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Growth and the talent crunch: How SMEs can find – and keep – great workers

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At first glance, you might think that being a Canadian small- or medium-sized enterprise (SME) on a growth track would mean that attracting and retaining talent wouldn’t be an issue. If you are leading or working for one of this country’s innovative and dynamic small or medium-sized companies, you know that a culture of growth and success attracts ambitious talent.

The reality is that attracting and retaining skilled people is a challenge in the current environment. Why? It’s clear that Canada’s labour market is continuing to adjust in the wake of the pandemic. A tight labour market has brought job vacancies to record highs, while at the same time, workers are taking advantage of relative economic strength by renegotiating salaries, or by moving to companies with better benefits or conditions.

In our work at Palette Skills – a national non-profit with a mission to connect great talent to companies in growth – we frequently hear from our employer partners that corporate success depends on having the right people in place. We’ve developed a successful model of upskilling that works because our programs are designed with close participation from industry leaders. And with so much at stake, we want to share some of what we’ve learned about attracting and retaining critical Canadian talent.

Get to know what workers want

According to Export Development Canada, nearly 63% of Canadian businesses say that the labour shortage is hurting them, with estimates from the Conference Board of Canada showing that the labour shortage cost the Canadian economy $25 billion in 2020 alone. As older workers retire and leave the labour market, younger workers have shown they are less likely to spend their entire career with one organization.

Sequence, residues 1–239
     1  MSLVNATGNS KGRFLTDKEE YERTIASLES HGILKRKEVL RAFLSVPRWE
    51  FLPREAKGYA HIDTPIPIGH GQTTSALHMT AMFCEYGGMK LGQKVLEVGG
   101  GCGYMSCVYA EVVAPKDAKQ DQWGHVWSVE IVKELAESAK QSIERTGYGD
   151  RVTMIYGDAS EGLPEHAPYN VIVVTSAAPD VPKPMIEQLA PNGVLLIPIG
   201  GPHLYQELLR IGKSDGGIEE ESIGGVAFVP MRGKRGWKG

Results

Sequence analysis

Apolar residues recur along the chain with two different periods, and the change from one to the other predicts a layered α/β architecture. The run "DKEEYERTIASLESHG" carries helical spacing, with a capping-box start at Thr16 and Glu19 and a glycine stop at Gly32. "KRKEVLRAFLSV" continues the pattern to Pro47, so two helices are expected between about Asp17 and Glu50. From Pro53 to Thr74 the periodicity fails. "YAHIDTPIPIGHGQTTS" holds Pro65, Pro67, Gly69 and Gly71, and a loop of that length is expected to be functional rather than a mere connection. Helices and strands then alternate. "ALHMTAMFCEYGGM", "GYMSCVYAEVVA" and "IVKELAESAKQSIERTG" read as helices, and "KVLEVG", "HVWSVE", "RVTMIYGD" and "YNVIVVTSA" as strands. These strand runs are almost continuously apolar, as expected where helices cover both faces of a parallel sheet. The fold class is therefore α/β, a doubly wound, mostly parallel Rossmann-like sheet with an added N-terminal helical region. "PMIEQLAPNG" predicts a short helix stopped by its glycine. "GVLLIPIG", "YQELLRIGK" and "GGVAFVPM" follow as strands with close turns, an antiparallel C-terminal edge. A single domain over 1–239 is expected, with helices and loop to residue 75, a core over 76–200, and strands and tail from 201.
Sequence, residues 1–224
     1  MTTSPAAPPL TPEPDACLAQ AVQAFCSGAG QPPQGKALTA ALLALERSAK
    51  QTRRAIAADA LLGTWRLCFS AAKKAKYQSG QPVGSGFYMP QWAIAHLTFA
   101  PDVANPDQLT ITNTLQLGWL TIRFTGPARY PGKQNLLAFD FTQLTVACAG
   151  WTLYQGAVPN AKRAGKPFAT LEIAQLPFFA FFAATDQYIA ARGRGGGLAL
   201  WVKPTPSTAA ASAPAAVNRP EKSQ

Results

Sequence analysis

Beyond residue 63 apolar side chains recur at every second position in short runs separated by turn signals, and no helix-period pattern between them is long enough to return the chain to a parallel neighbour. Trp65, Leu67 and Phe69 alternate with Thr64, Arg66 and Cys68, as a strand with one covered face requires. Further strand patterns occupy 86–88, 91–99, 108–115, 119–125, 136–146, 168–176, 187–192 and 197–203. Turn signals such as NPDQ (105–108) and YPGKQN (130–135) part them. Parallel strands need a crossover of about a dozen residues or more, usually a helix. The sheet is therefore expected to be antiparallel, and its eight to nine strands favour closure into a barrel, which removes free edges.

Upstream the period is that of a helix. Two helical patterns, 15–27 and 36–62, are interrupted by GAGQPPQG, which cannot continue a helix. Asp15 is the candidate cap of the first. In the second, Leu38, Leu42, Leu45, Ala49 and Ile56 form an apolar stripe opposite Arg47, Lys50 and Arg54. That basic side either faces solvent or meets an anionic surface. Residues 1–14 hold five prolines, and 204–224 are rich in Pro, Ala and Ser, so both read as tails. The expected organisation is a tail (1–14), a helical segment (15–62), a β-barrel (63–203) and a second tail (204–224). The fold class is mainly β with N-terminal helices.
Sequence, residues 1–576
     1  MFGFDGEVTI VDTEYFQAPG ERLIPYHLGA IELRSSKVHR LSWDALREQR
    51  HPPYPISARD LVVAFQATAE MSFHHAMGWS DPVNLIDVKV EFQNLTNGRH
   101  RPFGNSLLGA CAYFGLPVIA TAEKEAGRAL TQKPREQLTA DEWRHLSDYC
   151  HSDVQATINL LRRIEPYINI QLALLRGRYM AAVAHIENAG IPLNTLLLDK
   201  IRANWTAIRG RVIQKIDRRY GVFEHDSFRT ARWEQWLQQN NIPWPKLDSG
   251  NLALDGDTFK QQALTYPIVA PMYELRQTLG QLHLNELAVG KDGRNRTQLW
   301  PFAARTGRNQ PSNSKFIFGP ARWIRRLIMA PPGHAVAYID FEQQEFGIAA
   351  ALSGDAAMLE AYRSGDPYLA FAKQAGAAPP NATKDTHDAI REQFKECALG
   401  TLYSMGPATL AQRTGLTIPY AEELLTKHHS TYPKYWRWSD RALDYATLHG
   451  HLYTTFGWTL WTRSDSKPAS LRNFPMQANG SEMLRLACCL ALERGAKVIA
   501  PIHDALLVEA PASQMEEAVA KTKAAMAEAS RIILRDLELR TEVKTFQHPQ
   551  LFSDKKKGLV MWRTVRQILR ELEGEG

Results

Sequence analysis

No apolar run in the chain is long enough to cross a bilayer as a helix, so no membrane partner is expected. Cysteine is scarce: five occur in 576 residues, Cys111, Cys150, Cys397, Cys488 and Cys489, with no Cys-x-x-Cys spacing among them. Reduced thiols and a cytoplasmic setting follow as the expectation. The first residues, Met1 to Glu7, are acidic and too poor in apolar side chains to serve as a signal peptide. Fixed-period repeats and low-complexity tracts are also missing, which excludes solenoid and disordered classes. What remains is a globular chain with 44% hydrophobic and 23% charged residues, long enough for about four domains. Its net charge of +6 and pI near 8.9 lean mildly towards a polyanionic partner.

Instead, the rise of the gig economy and freelance work, as well as migration from low-paying service jobs to more rewarding occupations means that workers have more choice about where they work. Forecasters tell us that the labour shortage isn’t going away any time soon. This means it’s critical to have your ear to the ground, listening for signals about how to attract and retain great talent. If you are heading an SME along a path of growth, you already know that what many workers are looking for disrupts the traditional Canadian workplace.

Identity and values matter

If your organization is competing for top-flight talent, having a strong corporate identity is critical. It’s not just a question of having a well-designed logo or brand. Instead, your organization’s identity must be able to communicate the kinds of values workers are attracted to. Whether it’s about sustainability, innovation or providing critical services for others, your company’s values, mission and culture are key motivators for potential employees.

This means it’s important to make sure organizational values are reflected throughout business and communication activities. For example, if your company develops innovative uses for woodfibre, demonstrate your commitment to sustainability to potential candidates when it comes to recyclables or choosing paper over plastic.

Create a diverse and inclusive workplace

Relying on traditional talent pipelines is no longer enough to be successful; diversity and inclusion are vital for SMEs to thrive in high-growth sectors. Demographic and cultural shifts mean that businesses are more willing than ever to hire candidates from non-traditional communities. More often than not, these workers – such as newcomers to Canada – may be closer to the innovative tech solutions SMEs need to succeed.